By Associated Press • 

Century-old Crooked River dam demolished

PRINEVILLE — Workers are removing a dam that began when, more than a century ago, a Central Oregon homesteader dumped rocks and logs into a river to divert water to his pasture.

A contractor began dismantling the Stearns Dam on the Crooked River south of Prineville last week after more than a decade of negotiations and planning.

It's expected to take two or three weeks to restore the river, clearing the way for salmon and steelhead, the Bulletin newspaper of Bend reported.

The Crooked River Watershed Council led a tour Thursday to show the progress.

An excavator plucked out rocks and logs, and the river flowed more quickly. The pool behind the dam began shrinking, and about 25 volunteers waded out to dip nets into puddles to rescue stranded fish, which were returned to the stream.

The cost of removing the dam — about $350,000, depending on restoration work — comes from the Oregon Watershed Enhancement Board, the federal National Oceanic and Atmospheric Administration and the conservation group American Rivers.

The project is the latest in efforts to bring back Central Oregon salmon and steelhead. Passage around or over the Rice-Baldwin Dam a mile downstream must also be created.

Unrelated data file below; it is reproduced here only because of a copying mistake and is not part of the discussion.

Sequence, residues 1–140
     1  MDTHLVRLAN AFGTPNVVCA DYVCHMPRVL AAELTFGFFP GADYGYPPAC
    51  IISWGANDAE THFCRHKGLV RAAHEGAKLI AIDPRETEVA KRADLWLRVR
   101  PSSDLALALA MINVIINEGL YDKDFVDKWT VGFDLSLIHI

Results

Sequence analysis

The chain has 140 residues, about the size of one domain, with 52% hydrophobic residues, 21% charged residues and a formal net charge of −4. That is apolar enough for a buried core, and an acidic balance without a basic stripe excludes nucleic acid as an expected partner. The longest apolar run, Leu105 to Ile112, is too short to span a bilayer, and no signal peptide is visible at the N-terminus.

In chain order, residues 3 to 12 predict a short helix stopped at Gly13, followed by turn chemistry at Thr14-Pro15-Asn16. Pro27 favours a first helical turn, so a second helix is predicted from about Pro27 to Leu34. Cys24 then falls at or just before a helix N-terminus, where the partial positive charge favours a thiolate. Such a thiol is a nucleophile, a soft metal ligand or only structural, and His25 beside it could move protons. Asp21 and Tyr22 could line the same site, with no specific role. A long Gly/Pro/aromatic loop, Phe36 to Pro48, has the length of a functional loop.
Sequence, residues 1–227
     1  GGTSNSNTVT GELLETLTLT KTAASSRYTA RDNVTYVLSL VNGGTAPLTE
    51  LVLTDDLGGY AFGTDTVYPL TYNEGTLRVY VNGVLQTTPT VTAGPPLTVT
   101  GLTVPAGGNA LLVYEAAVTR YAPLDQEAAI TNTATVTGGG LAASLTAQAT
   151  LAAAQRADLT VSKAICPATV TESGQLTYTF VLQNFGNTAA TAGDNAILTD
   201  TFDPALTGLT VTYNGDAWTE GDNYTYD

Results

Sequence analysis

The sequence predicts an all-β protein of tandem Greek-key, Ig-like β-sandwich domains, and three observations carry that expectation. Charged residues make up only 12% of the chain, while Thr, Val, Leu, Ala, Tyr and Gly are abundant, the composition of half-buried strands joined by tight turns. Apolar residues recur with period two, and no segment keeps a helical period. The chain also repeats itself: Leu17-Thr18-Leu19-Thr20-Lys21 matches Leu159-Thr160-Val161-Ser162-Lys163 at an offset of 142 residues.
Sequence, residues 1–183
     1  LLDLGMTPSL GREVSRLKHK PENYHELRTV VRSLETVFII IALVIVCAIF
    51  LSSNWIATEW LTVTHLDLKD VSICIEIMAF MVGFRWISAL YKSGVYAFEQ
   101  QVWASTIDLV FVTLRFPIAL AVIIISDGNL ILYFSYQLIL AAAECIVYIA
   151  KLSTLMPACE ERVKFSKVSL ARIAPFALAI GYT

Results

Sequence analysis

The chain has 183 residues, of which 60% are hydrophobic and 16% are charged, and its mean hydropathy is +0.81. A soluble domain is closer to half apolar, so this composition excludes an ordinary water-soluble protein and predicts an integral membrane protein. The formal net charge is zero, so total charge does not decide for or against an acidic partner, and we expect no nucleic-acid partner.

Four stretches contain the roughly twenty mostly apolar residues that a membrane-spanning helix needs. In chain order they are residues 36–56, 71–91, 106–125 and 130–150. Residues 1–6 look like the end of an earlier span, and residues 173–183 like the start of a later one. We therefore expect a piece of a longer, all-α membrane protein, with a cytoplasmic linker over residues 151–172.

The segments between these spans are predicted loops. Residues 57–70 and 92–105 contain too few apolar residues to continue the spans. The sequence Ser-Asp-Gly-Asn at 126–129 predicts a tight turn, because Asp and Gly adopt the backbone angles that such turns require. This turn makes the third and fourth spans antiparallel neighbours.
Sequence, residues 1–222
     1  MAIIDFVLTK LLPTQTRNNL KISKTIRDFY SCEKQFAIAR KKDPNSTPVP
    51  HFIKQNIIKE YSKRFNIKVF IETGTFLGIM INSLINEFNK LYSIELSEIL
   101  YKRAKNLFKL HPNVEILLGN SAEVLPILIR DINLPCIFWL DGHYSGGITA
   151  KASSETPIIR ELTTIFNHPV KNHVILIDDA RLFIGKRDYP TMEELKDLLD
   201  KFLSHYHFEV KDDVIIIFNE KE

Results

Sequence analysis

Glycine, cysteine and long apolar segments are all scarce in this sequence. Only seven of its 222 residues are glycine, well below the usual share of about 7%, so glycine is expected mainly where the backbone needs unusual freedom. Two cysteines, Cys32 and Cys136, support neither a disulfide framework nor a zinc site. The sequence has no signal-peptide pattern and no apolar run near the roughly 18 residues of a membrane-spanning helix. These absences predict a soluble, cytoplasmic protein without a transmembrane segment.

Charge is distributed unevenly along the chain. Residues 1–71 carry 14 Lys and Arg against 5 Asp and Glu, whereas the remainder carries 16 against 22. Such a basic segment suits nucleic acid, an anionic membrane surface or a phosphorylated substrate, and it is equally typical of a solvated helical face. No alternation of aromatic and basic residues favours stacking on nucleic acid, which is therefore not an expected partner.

“There are more challenges,” said Michelle McSwain, assistant field manager with the Bureau of Land Management in Prineville.

The dam was named for homesteader Sidney Stearns, who started it in 1911. Over the next two decades, ice blocks and other debris battered the dam, and the family regularly repaired it, said Chris Gannon, executive director of the Crooked River Watershed Council.

In 1934, the Stearns family reinforced it with concrete. The water right connected to the dam now belongs to the Quail Valley Ranch, but it's been decades since it diverted water there. Instead, river water is drawn farther downstream. The dam is on land overseen by the BLM.

The dam is about 12 miles downstream from Bowman Dam along state Highway 27. Of those dozen miles, eight are protected under a wild and scenic designation by the Bureau of Land Management, McSwain said.


Information from: The Bulletin,

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